The Emancipation Proclamation

Jonathan Brownson

READ : Luke 4:16-19

The Spirit . . . has anointed me . . . to let the oppressed go free. (v. 18)

Businessmen led, women participated, and power shifted as a result of prayer at the Fulton Street prayer gatherings. And it didn’t stop there. One local paper described it this way:

Another of the most encouraging prayer meetings in the city . . . is held near “the Tombs,” in Centre Street . . . The neighborhood has a large colored population, many of whom attend; and who, to the astonishment of some very Christian church members, take seats among their white neighbors, and are treated with equal respect and attention. In fact, such is the cordiality and catholicity of the managers of the meeting, that even the lowest classes of society are freely welcomed . . . A general awakening, like that which now exists, has never occurred in this city.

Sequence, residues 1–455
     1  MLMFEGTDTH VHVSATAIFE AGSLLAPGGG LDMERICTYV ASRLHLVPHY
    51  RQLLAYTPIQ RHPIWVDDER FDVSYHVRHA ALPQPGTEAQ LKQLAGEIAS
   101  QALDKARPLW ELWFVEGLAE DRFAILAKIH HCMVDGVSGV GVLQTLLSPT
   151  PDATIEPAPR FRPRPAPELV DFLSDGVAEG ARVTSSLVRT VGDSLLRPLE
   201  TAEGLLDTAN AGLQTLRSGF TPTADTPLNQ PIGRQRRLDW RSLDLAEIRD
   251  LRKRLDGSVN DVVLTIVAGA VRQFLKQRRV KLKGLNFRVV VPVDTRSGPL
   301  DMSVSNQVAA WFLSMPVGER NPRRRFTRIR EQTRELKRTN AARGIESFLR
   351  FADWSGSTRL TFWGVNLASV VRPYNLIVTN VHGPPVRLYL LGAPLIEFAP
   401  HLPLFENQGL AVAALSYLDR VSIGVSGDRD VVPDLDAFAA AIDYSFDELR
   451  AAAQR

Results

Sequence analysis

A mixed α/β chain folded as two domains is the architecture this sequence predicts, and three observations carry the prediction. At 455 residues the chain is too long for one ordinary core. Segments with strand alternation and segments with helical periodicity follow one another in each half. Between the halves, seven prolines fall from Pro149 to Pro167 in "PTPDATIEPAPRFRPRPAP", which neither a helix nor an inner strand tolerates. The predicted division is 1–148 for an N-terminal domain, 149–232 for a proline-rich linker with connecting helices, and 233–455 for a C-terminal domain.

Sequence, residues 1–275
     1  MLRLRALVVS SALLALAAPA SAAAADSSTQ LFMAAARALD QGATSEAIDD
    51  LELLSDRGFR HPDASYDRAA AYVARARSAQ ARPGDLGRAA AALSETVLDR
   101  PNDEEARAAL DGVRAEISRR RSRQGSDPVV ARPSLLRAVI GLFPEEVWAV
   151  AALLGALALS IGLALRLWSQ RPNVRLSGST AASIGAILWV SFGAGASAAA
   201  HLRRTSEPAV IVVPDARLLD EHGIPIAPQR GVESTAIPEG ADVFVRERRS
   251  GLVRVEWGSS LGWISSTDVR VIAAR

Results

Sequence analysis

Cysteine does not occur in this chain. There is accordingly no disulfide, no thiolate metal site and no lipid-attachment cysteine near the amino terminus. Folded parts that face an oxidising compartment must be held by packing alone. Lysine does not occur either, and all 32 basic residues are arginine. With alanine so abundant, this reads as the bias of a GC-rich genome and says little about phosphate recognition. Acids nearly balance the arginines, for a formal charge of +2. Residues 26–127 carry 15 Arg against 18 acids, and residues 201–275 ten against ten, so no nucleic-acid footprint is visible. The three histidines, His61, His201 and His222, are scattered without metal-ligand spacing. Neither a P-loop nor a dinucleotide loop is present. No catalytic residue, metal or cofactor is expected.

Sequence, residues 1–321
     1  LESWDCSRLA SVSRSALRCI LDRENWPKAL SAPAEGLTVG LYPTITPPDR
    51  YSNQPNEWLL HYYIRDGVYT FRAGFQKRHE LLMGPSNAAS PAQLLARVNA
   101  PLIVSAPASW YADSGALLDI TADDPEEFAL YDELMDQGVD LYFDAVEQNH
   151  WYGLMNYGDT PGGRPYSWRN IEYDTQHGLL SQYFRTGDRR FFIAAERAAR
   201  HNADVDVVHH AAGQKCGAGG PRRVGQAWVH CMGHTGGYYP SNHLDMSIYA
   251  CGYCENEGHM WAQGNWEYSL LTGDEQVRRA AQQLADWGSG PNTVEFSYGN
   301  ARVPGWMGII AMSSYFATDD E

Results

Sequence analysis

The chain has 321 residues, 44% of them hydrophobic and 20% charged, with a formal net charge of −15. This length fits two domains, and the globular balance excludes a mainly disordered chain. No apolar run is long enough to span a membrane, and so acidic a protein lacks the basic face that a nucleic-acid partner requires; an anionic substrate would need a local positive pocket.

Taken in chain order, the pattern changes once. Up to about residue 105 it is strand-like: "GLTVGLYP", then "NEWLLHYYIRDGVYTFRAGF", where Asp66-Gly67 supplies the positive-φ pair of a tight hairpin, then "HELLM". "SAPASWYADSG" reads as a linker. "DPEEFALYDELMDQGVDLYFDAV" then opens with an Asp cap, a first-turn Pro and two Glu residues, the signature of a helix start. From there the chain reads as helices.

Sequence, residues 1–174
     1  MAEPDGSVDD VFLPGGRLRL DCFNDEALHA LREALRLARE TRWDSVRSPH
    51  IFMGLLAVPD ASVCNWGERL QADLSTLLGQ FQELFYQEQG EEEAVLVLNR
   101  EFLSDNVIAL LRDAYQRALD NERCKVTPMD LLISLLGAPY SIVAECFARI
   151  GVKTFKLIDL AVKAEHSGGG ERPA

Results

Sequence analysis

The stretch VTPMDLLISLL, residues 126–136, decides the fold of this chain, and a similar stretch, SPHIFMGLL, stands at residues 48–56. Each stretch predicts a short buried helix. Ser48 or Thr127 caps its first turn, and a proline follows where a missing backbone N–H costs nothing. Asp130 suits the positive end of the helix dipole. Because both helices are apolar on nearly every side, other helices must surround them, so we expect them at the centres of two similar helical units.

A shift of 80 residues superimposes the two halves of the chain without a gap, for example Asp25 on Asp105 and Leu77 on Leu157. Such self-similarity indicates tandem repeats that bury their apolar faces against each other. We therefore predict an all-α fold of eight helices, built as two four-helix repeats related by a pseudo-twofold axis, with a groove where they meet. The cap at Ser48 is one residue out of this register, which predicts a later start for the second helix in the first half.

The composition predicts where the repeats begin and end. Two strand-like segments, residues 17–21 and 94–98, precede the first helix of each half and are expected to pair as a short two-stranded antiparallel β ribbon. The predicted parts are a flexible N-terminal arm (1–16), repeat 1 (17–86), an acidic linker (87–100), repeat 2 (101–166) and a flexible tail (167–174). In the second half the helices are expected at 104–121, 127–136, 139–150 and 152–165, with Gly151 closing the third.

People of “color” take their seats “to the astonishment of some very Christian church-members . . . among their white neighbors.” “Even the lowest classes are freely welcomed.” Authentic prayer leads to awakening, and awakening prods us toward justice. The Holy Spirit descended on New York in 1857 the same way the Spirit descended on Jesus, “to let the oppressed go free.”


O God who sets all people free, we confess our part in putting others into bondage. We join with you in hopes of one day seeing a many-colored, multi-lingual church together in worship and witness.